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The AAPG/Datapages Combined Publications Database

New Orleans Geological Society


New Discoveries Point to a Bright Future: South Louisiana Onshore Petroleum Exploration Symposium, May 22, 2003
Pages 35-36

Woodbine / Tuscaloosa, West Central Louisiana Applying New Stratigraphic Concepts to an Old Area [Abstract]

Deane C. Foss


Unconformities have been significant in the formation of Woodbine and Tuscaloosa traps in the up dip areas of east Texas and north Louisiana. Prominent among them are East Texas Field and Delhi-Big Creek Field in north Louisiana. Unconformities have also been important in the down dip areas of East Texax in traps at Sugar Creek, Seven Oaks-Hortense-Leggett, and more recently, Double A Wells. Their importance has been underestimated in west-central Louisiana. Unconformities are important because they record significant erosion of previous deposits and their re-deposition in down-dip areas. Additionally, unconformities help form traps.

West central Louisiana has often been referred to as a "no sand" area as far as the Woodbine-Tuscaloosa is concerned. One of the reasons for this conclusion is a failure to recognize that the thick shale over large parts of west-central Louisiana up dip of the Lower Cretaceous reef is the Rapides Shale, a younger-aged unit that unconformably overlies the Woodbine-Eagleford and Tuscaloosa sequences (WETS).

Both Forgotson (1958) and Halbouty (1991) recognized that the previously deposited sand-bearing WETS have been deposited across the Sabine Uplift and subsequently have been stripped off over approximately 8,300 square miles in west-central Louisiana. It may be more accurate to say today the shelf area in west central Louisiana is a "no sand area," but it was not always so.

So what does this suggest for more successful Woodbine-Tuscaloosa exploration in west-central Louisiana?

Part of the answer is in finding out the exact age of the erosion on the shelf. To do that you have to go across the shelf edge and look into the basin.

Seaward of the Lower Cretaceous reef, where sufficient accommodation space existed, a remnant of the older WETS can be seen, as well as a sequence not seen in most places on the shelf. It is important to distinguish between the two sequences. The first, older sequence is a distal facies of the WETS that was deposited and subsequently eroded over most of the west-central Louisiana shelf. The second sequence is a low-stand sequence that records deposition of eroded WETS sediments off the old shelf edge. The age of this unconformity is post-WETS and pre-Rapides Shale-Austin Chalk.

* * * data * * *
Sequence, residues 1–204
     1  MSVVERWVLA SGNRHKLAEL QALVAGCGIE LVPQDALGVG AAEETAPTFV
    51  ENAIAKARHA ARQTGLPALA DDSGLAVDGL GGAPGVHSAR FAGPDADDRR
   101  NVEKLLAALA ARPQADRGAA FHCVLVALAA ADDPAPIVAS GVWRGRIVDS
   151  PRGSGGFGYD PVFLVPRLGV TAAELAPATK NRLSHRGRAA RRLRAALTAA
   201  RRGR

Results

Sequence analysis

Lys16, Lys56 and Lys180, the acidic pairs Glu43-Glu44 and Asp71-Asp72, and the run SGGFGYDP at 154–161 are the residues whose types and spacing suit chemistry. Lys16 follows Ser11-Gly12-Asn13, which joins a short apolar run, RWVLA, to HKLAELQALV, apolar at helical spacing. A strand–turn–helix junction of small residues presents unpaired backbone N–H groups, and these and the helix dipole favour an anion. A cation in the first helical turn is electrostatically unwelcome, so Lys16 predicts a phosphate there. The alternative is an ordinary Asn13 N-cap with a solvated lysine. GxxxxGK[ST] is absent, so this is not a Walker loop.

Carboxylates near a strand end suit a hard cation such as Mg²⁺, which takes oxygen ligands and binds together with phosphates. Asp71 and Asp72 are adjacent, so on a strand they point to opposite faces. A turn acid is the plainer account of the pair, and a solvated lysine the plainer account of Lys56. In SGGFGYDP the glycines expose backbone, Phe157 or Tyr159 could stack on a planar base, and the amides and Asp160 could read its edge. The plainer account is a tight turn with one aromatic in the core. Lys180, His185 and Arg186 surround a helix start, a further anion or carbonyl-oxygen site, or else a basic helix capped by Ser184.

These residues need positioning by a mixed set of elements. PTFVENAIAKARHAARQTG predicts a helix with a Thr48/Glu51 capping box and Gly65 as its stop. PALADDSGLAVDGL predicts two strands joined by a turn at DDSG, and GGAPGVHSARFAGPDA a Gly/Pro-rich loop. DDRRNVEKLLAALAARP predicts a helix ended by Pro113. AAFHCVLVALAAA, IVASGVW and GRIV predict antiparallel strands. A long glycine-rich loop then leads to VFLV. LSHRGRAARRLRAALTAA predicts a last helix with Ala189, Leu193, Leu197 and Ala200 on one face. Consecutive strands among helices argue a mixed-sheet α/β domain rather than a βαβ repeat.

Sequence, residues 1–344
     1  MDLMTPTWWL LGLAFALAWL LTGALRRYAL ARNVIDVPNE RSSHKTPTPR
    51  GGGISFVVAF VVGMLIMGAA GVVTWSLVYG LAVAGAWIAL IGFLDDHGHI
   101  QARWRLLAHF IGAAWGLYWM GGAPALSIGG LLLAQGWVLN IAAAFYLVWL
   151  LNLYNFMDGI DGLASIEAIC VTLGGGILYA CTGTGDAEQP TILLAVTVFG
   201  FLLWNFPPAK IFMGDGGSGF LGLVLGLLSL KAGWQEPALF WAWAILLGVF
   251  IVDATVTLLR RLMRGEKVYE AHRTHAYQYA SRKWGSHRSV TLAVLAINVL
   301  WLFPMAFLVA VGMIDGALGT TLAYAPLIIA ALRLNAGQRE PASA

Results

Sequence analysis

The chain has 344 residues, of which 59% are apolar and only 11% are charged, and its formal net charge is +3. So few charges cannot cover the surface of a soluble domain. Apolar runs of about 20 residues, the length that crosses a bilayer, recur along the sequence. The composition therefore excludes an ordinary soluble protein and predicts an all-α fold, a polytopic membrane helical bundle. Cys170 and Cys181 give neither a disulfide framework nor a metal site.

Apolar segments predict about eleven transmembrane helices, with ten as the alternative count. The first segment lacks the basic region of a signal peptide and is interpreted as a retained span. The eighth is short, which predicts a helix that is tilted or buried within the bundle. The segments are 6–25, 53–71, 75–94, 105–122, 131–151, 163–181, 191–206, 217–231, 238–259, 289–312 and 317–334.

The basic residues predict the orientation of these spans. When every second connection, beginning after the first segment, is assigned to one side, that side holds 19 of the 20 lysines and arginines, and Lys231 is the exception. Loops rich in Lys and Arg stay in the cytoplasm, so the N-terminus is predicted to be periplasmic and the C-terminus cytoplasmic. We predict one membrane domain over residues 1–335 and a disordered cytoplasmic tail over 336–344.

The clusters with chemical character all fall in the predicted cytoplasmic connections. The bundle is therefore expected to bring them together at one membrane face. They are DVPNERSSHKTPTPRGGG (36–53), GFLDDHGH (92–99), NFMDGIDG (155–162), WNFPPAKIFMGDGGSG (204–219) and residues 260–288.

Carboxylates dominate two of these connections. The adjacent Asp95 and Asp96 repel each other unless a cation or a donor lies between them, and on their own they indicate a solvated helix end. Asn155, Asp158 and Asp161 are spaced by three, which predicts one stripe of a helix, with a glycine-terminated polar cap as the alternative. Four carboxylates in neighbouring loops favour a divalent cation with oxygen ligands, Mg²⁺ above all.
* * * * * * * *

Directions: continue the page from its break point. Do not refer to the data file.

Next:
Drilling immediately in front of the Lower Cretaceous reef at this location will likely encounter only the older WETS. Prospective reworked sands deposited by deltas and other shallow marine processes are associated with the younger post-WETS low-stand deposits.

The "no sand" Rapides shale dominates the up dip section on the shelf. An exception to this is a series of sands that are located below the Base Rapides unconformity and above the Top Lower Cretaceous unconformity. These sands look like, but occupy a different, younger stratigraphic position than the well known Basal Tuscaloosa sands of northeast Louisiana and Mississippi. These sands may represent "incised valley fills" which are related to more extensive post-WETS, pre Rapides Shale-Austin Chalk low-stand deposits farther down-dip over the shelf edge.

End_Page 35-------------------------

The sand-bearing section found to the east in Avoyelles and St. Landry Parishes can be correlated into Rapides and even Vernon Parish. In some cases wells with "no sand" were drilled either too far up-dip or down-dip to hit sand. Wells drilled too far updip missed the sand-bearing wedge entirely. Wells drilled down-dip of the post-WETS and Tuscaloosa wedge were too distal for good quality sand.

Wells with little to no sand may be near misses rather than data points that condemn townships. With well density of one per township, the area down-dip of the reef is hardly evaluated.

There is obviously more to the successful exploration model. Other elements of the exploration model include structural noses for sufficient column height, depositional environments and diagenetic effects on the reservoir extent and quality.

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